For over a decade, Washington, DC has been busy with fixing health care. For over a decade, the same government bureaucracy, the same advocacy (read lobbying) organizations, the same expert think tanks, the same academic centers, the same business associations, with the same people hopping around from one entity to the next, have been generating and applying the same “innovative solutions” differentiated solely by their aggrandizing names. The result? Health care is more expensive than ever. More people than ever can’t afford to seek medical care. More doctors are disheartened, to the point of committing suicide. All this while the illustrious transformers of health care are accumulating fame and riches, probably exceeding their own expectations, with no end in sight.
It is no secret that back in 2016 many of us voted for Donald Trump hoping that he will “drain the swamp” or at the very least blow it all up into a spectacular artesian fountain of filth. He didn’t and he won’t. The swamp won. Our special health care swamp is deeper and wider than most, and the Trump administration is making it deeper and wider than ever before. The single-payer lobby is simply proposing to move the existing health care swamp to a bigger and more noxious location, so it has plenty of room to expand in the future. The swampy strategy for fixing health care has always been, and by the looks of it will always be, a game of hot potato. The potatoes are us.
At the core of the guileful verbosity of health care transformation, there is nothing more than an elaborate effort to shield corporations, and the governments that serve them, from financial risk. It’s really that simple. We pay our premiums and our payroll taxes, month after month, year after year, and when the time comes, if it comes, they’d much rather not pay the medical bills they are contractually or statutorily obligated to pay. Blame sick people for being sick. Blame the sick for not shopping the clearance aisle. Blame doctors for treating the sick. Blame hospitals for admitting too many sick people, too often and for too long. Punish them for the errors of their ways. Teach them a lesson or two. And most importantly, make them pay until it hurts.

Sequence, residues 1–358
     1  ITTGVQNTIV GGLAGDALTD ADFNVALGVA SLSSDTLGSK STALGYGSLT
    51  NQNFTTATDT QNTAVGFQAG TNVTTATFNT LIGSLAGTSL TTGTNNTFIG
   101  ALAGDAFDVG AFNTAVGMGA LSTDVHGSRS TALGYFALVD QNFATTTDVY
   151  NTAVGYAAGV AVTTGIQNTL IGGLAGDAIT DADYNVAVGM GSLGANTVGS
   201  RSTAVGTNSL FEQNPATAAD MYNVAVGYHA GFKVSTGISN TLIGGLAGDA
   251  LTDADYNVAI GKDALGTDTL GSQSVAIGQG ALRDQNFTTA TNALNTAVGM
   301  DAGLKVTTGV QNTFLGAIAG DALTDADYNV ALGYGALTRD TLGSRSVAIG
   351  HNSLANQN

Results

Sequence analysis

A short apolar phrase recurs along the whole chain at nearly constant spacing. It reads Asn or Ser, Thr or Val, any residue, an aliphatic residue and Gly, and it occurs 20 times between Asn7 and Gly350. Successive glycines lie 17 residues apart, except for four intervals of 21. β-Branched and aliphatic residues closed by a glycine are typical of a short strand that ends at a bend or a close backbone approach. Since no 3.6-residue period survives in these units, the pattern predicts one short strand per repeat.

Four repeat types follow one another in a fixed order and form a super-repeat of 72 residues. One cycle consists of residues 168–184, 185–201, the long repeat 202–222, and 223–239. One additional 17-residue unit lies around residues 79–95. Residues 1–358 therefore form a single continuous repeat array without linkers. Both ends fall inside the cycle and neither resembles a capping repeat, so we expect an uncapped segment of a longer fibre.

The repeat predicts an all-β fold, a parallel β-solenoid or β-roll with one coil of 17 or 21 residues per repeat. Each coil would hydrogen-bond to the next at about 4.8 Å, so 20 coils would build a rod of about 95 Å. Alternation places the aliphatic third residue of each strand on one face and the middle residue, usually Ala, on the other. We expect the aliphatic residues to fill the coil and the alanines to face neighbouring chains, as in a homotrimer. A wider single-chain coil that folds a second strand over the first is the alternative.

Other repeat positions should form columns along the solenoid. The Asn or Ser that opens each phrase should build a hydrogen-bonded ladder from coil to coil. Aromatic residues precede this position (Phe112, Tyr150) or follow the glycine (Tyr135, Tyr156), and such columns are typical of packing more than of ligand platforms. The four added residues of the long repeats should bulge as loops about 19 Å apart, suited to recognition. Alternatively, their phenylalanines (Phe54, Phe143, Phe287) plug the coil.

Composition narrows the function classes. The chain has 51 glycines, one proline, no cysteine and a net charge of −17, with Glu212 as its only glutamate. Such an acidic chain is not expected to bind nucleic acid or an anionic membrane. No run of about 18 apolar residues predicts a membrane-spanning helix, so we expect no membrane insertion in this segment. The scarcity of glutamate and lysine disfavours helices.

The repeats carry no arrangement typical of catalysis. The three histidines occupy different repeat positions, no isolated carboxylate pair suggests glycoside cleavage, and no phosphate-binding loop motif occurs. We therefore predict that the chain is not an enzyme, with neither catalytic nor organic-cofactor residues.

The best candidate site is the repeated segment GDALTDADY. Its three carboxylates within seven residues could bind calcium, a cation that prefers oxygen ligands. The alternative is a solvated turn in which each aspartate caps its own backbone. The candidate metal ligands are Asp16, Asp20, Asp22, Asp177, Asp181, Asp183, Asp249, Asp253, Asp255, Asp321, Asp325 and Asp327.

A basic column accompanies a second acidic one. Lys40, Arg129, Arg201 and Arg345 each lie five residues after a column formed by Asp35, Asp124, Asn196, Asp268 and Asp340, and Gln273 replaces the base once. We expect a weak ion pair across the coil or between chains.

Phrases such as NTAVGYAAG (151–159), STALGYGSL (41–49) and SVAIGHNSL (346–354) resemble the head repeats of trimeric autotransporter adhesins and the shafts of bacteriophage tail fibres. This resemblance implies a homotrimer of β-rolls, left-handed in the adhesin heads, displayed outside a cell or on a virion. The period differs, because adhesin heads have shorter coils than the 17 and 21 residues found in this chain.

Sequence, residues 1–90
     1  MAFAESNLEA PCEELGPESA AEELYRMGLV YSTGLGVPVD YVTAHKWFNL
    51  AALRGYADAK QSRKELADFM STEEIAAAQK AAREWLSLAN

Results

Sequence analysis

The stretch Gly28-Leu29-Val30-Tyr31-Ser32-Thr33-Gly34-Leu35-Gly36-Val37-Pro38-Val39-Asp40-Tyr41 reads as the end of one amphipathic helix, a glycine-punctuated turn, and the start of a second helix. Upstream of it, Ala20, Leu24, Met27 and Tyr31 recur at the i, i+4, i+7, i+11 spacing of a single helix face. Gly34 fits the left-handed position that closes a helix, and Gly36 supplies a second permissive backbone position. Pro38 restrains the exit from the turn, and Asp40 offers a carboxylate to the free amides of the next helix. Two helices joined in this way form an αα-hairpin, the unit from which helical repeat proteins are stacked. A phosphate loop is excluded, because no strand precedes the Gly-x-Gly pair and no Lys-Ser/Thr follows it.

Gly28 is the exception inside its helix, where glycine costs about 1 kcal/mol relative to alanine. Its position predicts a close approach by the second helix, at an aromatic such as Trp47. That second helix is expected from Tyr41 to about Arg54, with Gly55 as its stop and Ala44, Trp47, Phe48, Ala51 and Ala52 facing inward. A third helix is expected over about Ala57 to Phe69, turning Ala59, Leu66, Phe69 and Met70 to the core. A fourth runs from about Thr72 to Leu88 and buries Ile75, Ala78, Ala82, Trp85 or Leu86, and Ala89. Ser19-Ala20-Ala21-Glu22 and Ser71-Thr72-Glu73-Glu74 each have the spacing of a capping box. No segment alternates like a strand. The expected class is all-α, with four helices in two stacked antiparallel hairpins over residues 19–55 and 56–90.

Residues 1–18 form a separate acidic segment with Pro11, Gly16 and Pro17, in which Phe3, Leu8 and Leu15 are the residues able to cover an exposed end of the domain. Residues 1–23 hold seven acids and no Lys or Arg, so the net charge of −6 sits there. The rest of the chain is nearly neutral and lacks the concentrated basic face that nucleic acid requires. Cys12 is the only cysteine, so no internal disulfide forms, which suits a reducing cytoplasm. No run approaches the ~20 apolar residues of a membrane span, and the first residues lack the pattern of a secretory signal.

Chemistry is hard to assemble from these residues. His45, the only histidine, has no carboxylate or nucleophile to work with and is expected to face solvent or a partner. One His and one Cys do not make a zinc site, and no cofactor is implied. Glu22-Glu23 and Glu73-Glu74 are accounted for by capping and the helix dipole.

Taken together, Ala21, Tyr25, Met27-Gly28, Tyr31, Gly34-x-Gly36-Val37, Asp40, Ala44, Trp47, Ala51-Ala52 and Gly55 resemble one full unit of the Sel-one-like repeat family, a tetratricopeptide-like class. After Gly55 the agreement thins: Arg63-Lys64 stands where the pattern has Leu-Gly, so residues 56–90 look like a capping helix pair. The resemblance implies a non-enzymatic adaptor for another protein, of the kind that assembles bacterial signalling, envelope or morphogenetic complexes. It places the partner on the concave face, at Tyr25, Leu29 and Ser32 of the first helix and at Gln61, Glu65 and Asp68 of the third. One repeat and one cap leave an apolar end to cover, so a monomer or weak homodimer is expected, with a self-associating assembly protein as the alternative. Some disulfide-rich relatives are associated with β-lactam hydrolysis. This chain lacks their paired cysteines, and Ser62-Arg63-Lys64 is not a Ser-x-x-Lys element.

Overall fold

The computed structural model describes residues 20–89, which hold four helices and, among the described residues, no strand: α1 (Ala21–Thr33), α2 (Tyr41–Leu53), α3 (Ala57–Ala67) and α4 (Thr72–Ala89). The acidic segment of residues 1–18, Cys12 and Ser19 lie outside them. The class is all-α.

Managing the health care consumer
The most blatant attempt to throw people under the bus is the insanely brazen effort to remake medicine into a consumer industry. Patients, according to the narrative, are empowered when they spend their own money on health care. Increasing deductibles for health insurance, while also increasing premiums and limiting choice of service providers, is how we weaponize sick people in the war against rising health care prices. If enough diabetics choose to die rather than overpay for insulin, prices for the drug will surely go down eventually, because Southwest Airlines will come up with a disruptively innovative version of insulin that will not be as fancy, but it will be cheap enough to spur increased market participation and push Eli Lilly into bankruptcy. Any day now.
The return to pre-1965 days of consumerism in health care for the first $6,000 of medical expenditures was a good step forward, but the road to fully optimized profitability is long and full of terrors. Consumers are like goats. If left to their own devices, they will destroy your landscape in five short minutes. However, with proper guidance and supervision, they will clean and protect your property from the dangers of random wildfires. Managed Care insurance plans, coupled with high deductibles, ensure that consumers do not eat into your nice profits, while consuming enough garbage to keep your bottom line from going up in smoke.
From volume to value
Offloading risk to sick consumers is working relatively well by all accounts, but it is not working well enough, and it is not working for beneficiaries of public insurance where the consumer lever is rather short and limp. And so, we push the “provider” lever next. Once patients became consumers, their doctors, naturally, became providers. And just like empowered consumers, empowered providers should have some financial skin in this game. In the current system, you see, providers are just sitting there, placidly watching the register go cha-ching every ten, fifteen minutes like clockwork. If the consumer gets better, fine. If not, also fine. As long as there are no malpractice lawsuits, and the cash keeps flowing, providers are surely satisfied. How do policymakers and garden variety health care experts know this? Simple. It’s called projection.